Take a Tour of the State’s Scariest Spots
By H.M. Cauley
The pleasant chill of an autumn breeze isn’t the only thing causinggoose bumps this time of year. As temperatures grow cooler, the thoughts of Georgia residents begin to turn to ghosts, ghouls, and other unearthly visitors.
While we can’t promise an otherworldly sighting or a blast of cold, spectral air, there are a few spots around the state that are steeped in haunted history, and even claim to host a spirit or two. For a fun afternoon or weekend of spooky sightseeing, hop in the car for a short drive to Atlanta’s suburbs, or take a road trip farther out to investigate some of these spine-tingling locales.
Kennesaw Mountain National Battlefield Park, located roughly half an hour north of Atlanta in Kennesaw, is the site of the Battle of Kennesaw Mountain, part of Gen. Sherman’s Atlanta Campaign during the Civil War. It’s alleged that the spirits of soldiers still stalk the grounds, and that gunshots and cannon fire can sometimes be heard. Who knows? On a particularly eerie night, you might even smell a whiff of ghostly gunpowder on the breeze. 770-427-4686, www.nps.gov/kemo.
Another popular historic haunt is the Marietta Museum of History. Located in the historic Kennesaw House in downtown Marietta, it enjoys a reputation as the most haunted location in the city. During the Civil War, the building, a former cotton warehouse turned hotel, was pressed into service as a hospital and morgue. It’s said that the ghosts of soldiers and caregivers sometimes linger. 770-794-5710, www.mariettahistory.org.
In Roswell, the building that serves as home of the Public House restaurant is also known as a haunted haven. It’s said that disembodied voices, strange noises and shadowy figures have been seen in the upstairs area. The restaurant is currently closed for renovations. 770-640-5548, www.publichouseroswell.com.
Haunted Hotels and Resorts
At Barnsley Gardens, about an hour northwest of Atlanta, the ghost stories are linked to a classic tale of lost love and war. The grounds of this elegant resort include the ruins of a mansion believed to be visited with some regularity by its past residents. In the 1840s, Godfrey Barnsley began building a home for his bride, Julia, in the lush countryside. Though the main section was complete, work stopped on the rest of the project when Julia died in 1845. The Civil War took its toll on the property, and in 1906 a tornado tore the roof off of the main house.
Today, all that remains are crumbling brick walls surrounded by lushly restored gardens. The site is the centerpiece of the Barnsley Gardens resort, complete with guest cottages, a golf course, a spa and three restaurants. Catered events from lunch meetings to romantic, candle-lit dinners are often held among the ruins. 770-773-7480, www.barnsleyresort.com.
During its heyday, Jekyll Island was a playground for some of the country’s leading millionaires, who escaped the heat of their hometowns to enjoy cooler, more relaxing days by the sea. Those carefree and comfortable days may have left such an impression that some of those visitors are still returning from the beyond. The Jekyll Island Club Hotel is a resort that incorporates many of the Victorian structures built for the wealthy visitors. And while most visitors go for the golf, the beaches, the fine dining and the luxurious surroundings, some show up just for the ghosts—a fact the hotel capitalizes on with its Ghost Hunt Weekend, Oct. 24-26. The two-night package includes elegant accommodations, breakfasts, tours, and investigations led by paranormal researcher and author Chad Morin. 855-535-9547, www.jekyllclub.com.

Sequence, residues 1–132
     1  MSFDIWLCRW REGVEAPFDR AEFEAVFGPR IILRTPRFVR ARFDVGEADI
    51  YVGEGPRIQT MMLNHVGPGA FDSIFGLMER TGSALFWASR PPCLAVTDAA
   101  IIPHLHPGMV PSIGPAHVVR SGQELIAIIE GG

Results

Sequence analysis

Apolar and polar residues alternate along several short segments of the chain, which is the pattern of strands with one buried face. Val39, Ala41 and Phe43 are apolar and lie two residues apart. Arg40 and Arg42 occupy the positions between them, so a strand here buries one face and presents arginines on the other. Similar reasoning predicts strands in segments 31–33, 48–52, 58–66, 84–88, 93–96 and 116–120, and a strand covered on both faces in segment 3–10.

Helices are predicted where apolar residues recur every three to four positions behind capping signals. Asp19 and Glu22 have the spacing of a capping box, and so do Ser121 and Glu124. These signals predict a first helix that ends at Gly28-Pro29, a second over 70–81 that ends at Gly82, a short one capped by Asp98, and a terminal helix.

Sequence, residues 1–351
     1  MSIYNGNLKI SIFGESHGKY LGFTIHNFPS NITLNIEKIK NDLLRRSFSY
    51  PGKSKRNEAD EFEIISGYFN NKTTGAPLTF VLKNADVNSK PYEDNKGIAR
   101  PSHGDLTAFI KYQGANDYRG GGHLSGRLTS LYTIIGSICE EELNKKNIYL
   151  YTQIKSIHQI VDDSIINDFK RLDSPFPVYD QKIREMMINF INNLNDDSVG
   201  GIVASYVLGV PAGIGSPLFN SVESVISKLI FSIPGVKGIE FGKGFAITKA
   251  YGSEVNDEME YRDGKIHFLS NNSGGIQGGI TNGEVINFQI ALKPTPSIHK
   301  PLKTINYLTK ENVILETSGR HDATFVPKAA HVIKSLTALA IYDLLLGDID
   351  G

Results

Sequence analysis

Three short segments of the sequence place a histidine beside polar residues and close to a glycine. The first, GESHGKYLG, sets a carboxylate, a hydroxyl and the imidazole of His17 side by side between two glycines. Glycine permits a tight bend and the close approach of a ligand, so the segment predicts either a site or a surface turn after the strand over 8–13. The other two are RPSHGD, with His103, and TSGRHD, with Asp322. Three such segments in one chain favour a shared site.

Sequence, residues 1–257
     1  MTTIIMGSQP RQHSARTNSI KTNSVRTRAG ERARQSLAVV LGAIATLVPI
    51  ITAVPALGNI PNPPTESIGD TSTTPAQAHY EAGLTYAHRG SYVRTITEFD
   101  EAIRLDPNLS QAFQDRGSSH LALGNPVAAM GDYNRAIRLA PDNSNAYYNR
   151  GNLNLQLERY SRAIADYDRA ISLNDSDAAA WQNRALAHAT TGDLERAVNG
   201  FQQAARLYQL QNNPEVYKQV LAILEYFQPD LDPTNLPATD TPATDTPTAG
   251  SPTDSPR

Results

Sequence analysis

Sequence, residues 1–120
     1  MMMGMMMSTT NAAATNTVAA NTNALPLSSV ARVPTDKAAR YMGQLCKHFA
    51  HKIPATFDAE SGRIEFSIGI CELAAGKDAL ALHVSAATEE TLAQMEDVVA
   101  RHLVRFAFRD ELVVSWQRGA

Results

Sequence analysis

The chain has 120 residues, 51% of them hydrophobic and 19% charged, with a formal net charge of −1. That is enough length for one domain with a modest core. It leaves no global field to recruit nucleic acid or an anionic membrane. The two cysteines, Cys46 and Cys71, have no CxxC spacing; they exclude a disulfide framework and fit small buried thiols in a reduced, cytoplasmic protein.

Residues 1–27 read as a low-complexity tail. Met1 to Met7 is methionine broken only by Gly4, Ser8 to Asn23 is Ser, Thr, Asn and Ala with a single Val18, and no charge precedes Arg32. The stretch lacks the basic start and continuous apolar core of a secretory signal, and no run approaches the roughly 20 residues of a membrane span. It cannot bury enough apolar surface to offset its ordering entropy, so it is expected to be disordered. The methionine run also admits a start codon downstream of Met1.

The 1842 Inn in Macon, about an hour and a half southeast of Atlanta, is a beautiful bed and breakfast with huge white columns and a spacious porch. This impressive Greek revival home was built by former mayor John Gresham, whom many claim to have seen still roaming the halls of his stately abode. Others have reported seeing a little girl and a tall blonde woman who appear to be out of the past. But most merely enjoy the luxurious surroundings and the relaxing environment without any surprises. 877-452-6599, www.1842inn.com.
In Savannah, however, the supernatural can keep a ghost-lover busy. This coastal city can be spooky at any time of the year, when the Spanish moss is unmoving in the humidity of summer, or a crisp winter wind is blowing in from the beaches.
Many of the city’s old old houses and buildings are said to be frequented by those no longer living. The Mercer Williams House, the site of a famous murder that figured prominently in the novel and movie Midnight in the Garden of Good and Evil, is alleged to be the center of several ghostly appearances. 912-236-6352, www.mercerhouse.com.
Bonaventure Cemetery, a former plantation site known for its gothic beauty and Victorian sculpture, is another popular spot. 912-651-6843.
Fort Jackson, a restored military fort manned during the War of 1812 and the Civil War, is reputed to host several ghostly visitors. 912-232-3945, www.chsgeorgia.org/old-fort-jackson.html. The Pirate’s House restaurant, tucked into one of the city’s oldest structures, claims to have a ghostly occupant who appears on moonless nights. 912-233-5757, www.thepirateshouse.com.
In addition, residents and visitors claim to have encountered spirits in the town’s historic squares and along its famed River Street. Little wonder, then, that USA Today recognized Georgia’s first capital as one of the 10 most haunted cities in the country, and the television series “Scariest Places on Earth” called it America’s most haunted city.